It's a mixed neighborhood, rich and not rich at all, black, white, Hispanic. Most of the houses were built in the nineteenth century. Two households were Spanish speakers who could only speak enough English to tell us they couldn't speak English; they looked at our Obama t-shirts, smiled, and shook their heads. In one house, the woman who answered the door told us they were non-citizens. "But we want Obama to win," she said. A European socialist, no doubt.
After two hours, we drove back to the temporary HQ on Annette Street, but it was dark and gated; I called our organizer, Daniella, on her cell phone and she told me we should just keep the clipboards and left-over leaflets. So we drove to Felipe's to buy margaritas, where I saw one of my former students, and then returned home, dusty and tired. It's a very humid evening. I thought it would be a long night, but I was wrong.
Barack Obama is on stage now in Chicago, about to give his victory speech. Thank god.
Tomorrow is Election Day, my first as a citizen. We’re going
to our polling place, McMain High School, around seven AM. I’m nervous. There
are many ways to vote in this country, and they all seem to involve equipment
that breaks down. What if there are levers to pull, chads to hang, etc? What if
I get confused at the last minute between Ralph Capitelli and Leon Cannizzaro,
both of whom are running for DA? Should I vote Yes or No on the second of
seventh amendments to the Louisiana constitution: may the state government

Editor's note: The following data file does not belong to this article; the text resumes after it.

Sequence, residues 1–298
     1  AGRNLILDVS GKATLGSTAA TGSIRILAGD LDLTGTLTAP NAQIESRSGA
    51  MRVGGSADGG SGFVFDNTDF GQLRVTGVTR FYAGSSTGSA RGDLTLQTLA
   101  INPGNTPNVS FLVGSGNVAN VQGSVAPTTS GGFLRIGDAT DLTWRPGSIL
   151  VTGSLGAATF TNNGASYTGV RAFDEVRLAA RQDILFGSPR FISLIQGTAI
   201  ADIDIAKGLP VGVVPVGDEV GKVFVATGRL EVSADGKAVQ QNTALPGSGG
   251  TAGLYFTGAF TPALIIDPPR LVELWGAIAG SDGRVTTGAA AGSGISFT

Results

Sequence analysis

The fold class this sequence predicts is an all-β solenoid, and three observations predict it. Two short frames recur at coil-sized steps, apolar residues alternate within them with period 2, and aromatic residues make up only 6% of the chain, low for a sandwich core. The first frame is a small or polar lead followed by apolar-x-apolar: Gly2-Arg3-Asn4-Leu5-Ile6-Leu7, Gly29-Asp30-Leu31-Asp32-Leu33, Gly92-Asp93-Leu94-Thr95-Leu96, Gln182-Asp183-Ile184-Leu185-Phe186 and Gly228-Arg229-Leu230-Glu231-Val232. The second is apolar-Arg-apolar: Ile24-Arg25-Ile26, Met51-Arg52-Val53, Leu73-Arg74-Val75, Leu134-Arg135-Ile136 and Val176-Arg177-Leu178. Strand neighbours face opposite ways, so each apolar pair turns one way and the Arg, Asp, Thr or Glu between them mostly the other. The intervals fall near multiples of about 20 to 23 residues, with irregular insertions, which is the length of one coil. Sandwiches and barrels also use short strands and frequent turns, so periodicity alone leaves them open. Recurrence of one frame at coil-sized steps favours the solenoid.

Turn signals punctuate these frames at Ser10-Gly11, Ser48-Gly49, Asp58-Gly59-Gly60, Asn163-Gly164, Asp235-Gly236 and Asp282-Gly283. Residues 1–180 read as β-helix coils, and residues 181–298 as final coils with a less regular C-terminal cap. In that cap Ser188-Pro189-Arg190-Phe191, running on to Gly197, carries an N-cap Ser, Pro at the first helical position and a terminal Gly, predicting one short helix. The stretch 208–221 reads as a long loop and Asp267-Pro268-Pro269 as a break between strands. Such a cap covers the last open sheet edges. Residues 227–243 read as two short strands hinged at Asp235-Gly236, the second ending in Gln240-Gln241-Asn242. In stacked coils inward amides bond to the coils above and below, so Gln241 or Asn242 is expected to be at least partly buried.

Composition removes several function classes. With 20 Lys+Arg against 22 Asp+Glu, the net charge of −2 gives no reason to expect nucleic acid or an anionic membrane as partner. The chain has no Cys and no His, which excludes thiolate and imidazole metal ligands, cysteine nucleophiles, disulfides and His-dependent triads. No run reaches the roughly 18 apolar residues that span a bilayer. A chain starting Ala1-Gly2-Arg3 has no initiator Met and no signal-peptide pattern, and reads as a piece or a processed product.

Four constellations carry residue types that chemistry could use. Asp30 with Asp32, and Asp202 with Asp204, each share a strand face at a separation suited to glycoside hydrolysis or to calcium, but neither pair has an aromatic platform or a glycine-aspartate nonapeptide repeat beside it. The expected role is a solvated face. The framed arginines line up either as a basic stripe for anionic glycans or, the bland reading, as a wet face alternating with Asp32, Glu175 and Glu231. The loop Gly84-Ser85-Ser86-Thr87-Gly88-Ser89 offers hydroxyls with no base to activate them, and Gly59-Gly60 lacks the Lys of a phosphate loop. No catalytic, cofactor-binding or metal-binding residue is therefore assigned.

require two additional days of notice before calling a special legislative
session? (Not sure why our state representatives need a further two days’
notice, exactly, given that they already get five days notice, unless maybe
they are on a cycling vacationing in El Paso and need time to pedal back.)
A side note: apparently Louisiana is #1 in the nation at
coming up with constitutional amendments. Since its most recent iteration, in
1974, we’ve voted in 151 amendments.
Yesterday I got a call from the Obama/Biden local HQ. (We
also got a call from Obama himself, but that was pre-recorded.) Can I volunteer
some time on Tuesday? Yes I Can. So I’m on the four through seven PM shift,
canvassing. T. Middy is worried this means knocking on doors in bad
neighborhoods in the dark, being accused of European socialism and illegal
alien status, etc, so he might try to finish work early and come with me. I’ll
wear my Geauxbama T-shirt.
Meanwhile in New Orleans, life goes on as abnormal.
Halloween on Friday brought its usual chaos and silliness. We crossed St
Charles Avenue around nine-ish, on the way to the third of our three
activities, and thought we’d stumbled on a convention of drunk prostitutes. But
no! It was just dozens of students, dressed in skimpy, skin-tight “costumes”,
waiting to catch the street car downtown.
Every night after school, the McMain band and majorettes are
out in the field, rehearsing for parade season. These rehearsals involve a
great deal of drumming, and sporadic marching around in ragged formation. The
drumming is so loud it drowns out the TV, but they’re all sounding good, and
the brass players seem less like distressed baby elephants this year, and more
like actual musicians.
And last night, just as The Amazing Race was ending, our
power disappeared: we sat around by candlelight for the next two hours. Ten
thousand households lost power, according to today’s paper. The problem? A